MindsetMeter is going away in October 2020. But there’s good news.
PERTS has launched a new, improved, and still-free version of the MindsetMeter called Copilot. You can use Copilot to assess the learning mindsets and experiences of your students. Copilot also provides recommendations for improving student engagement and success, and it enables you to track changes in students’ responses over time. Access Copilot and other resources at perts.net/resources. If you need support, contact us at perts.net/contact.
Students with a growth mindset are more interested in learning, more eager to take on challenges, and more academically successful.Learn about the Science Use the Assessment
The Growth Mindset Scale has been used in numerous studies. It is a short, valid, and reliable diagnostic of students' mindsets. Look at the assessment to see what surveyed students will experience. View the sample report to see the information you will be provided.See the assessment See a sample report
People can think about intelligence as something that is stable (a fixed mindset) or as something than can be grown (a growth mindset). Dozens of studies show that students with a growth mindset embrace challenges and perform better over time. Research also shows that students' mindsets can change through targeted interventions and interactions with adults.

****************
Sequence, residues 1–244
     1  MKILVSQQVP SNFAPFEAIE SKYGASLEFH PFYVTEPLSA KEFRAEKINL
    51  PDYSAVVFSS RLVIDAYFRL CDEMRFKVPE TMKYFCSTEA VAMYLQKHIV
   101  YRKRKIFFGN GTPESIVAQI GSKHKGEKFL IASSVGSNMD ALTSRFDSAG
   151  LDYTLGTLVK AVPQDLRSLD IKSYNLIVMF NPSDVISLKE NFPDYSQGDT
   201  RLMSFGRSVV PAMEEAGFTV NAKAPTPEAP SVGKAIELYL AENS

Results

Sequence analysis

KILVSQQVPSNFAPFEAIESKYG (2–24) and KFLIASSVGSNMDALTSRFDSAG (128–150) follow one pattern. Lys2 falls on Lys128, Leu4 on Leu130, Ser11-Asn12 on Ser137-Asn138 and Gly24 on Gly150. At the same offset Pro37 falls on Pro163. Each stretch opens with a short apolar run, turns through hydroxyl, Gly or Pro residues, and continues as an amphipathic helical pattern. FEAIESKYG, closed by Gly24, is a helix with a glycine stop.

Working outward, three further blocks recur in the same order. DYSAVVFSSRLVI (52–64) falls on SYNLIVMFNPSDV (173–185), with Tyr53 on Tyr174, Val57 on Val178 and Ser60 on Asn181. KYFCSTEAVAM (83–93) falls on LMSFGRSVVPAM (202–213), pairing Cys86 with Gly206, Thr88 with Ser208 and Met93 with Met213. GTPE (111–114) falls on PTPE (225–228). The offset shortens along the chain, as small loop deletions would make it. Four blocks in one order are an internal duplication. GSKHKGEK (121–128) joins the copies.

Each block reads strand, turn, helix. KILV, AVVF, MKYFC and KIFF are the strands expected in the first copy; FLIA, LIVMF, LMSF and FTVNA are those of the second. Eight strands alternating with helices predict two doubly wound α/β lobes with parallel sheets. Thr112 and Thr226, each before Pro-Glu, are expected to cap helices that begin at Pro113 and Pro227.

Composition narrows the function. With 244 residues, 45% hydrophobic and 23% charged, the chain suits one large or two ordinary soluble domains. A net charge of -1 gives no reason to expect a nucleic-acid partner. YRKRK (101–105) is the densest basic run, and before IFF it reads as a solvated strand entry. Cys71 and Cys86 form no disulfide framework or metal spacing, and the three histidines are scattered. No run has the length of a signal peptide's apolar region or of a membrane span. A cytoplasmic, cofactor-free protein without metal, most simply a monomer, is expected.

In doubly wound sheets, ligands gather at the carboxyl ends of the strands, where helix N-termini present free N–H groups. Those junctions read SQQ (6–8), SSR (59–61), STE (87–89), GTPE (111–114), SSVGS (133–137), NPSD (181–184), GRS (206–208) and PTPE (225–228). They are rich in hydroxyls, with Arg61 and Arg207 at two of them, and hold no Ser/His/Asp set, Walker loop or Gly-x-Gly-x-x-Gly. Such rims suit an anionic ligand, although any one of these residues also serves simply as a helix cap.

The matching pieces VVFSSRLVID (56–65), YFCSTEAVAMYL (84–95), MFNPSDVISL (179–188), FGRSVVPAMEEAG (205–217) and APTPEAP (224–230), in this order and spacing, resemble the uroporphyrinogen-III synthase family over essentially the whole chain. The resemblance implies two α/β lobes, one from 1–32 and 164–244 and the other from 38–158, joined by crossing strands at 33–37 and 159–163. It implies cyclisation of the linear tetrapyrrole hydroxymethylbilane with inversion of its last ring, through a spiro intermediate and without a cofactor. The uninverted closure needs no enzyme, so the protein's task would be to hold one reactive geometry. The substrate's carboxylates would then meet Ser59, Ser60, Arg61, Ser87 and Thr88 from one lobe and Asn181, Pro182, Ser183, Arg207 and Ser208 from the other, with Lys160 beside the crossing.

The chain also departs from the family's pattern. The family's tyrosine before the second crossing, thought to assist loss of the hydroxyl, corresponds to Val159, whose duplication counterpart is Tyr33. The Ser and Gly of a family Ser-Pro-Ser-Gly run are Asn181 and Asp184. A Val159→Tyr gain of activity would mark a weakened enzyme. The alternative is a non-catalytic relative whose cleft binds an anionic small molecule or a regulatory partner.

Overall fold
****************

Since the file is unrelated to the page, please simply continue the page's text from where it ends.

Students with a growth mindset understand that learning is how you grow your intelligence. They care more about learning than about looking smart. This means that growth mindset students:
Fixed mindset students believe that if you are smart, you shouldn't have to try. Growth mindset students understand that effort is how you become smart. Growth mindset students:
When fixed mindset students encounter a challenge or setback, they give up. They conclude that they must not be smart at that thing. Growth mindset students view challenges and setbacks as opportunties — they have identified an area for growth. They respond to setbacks by:
Given that growth mindset students value learning, effort, and challenge, it is not surprising that they do better in school. When students are taught a growth mindset, they:
Researchers at PERTS are applying mindset research to improve student achievement across the nation.
Free use of the Mindset Meter is generously supported by the William and Flora Hewlett Foundation and the Raikes Foundation.